WASHINGTON -- It's one thing for Clayton M. Christensen to share with a bunch of Washington think tankers his warnings that colleges must change or die, as he did at the American Enterprise Institute last month. But directly to the faces of college presidents themselves, at the annual gathering of their main national association? Yet there was the Harvard Business School professor known for documenting how industries get transformed by "disruptive technologies" on Monday, telling hundreds of college chiefs at the annual meeting of the American Council on Education that he was not at all sure in 20 years if their institutions would still be around. Some of Christensen's ideas (drawn from a paper he co-wrote with Henry Eyring of Brigham Young University-Idaho called "The Innovative University: Changing the DNA of Higher Education") and comments may have stung, notably his prediction that distance education, done well, can subject existing higher education to disruption that could render many existing institutions irrelevant in two decades. "There is good reason for many of us to think that we might be okay in 20 years. But I think we might be wrong," he said.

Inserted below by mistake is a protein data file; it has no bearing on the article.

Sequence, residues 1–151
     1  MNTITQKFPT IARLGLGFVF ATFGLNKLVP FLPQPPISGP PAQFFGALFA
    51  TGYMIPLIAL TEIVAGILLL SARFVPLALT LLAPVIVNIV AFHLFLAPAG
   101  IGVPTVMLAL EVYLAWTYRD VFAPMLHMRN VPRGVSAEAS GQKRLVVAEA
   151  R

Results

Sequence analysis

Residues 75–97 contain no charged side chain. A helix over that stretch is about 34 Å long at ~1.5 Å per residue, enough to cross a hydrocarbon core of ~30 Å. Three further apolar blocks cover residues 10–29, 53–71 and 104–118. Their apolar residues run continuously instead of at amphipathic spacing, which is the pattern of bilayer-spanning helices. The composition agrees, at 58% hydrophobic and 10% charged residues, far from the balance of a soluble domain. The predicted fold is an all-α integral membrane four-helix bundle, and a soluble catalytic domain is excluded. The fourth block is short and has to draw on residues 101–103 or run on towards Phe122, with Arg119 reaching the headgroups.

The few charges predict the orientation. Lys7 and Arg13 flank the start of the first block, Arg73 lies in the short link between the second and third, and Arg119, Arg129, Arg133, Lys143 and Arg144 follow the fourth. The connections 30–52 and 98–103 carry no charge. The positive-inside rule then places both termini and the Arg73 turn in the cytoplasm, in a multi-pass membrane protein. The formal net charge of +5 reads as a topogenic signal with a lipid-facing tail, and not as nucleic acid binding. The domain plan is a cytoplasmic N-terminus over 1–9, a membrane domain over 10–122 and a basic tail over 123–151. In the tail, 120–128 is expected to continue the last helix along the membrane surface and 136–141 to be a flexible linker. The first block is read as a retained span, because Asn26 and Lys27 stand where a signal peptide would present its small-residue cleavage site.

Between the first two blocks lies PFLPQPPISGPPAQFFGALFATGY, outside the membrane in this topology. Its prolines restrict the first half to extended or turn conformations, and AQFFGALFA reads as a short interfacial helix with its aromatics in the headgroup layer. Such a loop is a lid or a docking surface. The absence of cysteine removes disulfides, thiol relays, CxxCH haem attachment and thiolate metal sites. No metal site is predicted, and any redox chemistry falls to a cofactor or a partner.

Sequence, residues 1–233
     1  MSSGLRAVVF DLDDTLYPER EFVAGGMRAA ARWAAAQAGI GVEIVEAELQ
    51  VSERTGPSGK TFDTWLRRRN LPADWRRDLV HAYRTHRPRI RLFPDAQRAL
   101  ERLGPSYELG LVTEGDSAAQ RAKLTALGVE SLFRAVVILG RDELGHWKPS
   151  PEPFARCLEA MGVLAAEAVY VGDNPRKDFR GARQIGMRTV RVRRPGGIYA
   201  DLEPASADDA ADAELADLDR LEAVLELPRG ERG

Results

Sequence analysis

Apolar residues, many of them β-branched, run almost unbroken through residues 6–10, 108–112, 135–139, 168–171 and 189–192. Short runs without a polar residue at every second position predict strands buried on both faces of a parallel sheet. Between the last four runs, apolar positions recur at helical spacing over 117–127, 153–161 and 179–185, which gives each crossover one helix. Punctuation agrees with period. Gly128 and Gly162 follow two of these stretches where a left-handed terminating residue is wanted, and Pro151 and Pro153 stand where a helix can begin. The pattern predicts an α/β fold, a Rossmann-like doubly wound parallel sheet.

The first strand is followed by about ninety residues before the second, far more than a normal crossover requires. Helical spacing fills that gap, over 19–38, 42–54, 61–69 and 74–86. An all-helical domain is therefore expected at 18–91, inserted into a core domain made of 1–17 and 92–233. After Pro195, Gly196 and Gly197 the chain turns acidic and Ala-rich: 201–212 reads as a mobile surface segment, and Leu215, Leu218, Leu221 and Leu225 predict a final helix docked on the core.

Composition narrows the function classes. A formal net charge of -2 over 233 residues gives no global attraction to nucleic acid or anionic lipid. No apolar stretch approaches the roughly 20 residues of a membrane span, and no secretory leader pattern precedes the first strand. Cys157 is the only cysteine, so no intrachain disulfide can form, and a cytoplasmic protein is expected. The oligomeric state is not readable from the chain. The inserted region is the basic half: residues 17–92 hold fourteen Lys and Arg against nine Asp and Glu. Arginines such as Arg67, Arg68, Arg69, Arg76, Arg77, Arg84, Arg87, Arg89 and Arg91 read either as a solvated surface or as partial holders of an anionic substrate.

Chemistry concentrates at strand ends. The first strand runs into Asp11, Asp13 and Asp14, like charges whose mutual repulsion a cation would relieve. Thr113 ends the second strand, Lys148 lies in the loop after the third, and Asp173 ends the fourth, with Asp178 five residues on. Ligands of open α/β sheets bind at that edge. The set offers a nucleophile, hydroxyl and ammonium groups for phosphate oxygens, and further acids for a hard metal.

But with a good-natured, deadpan delivery and a powerful personal story -- having re-learned how to speak after suffering a stroke in July -- Christensen captivated an audience that could well have found his comments disturbing instead.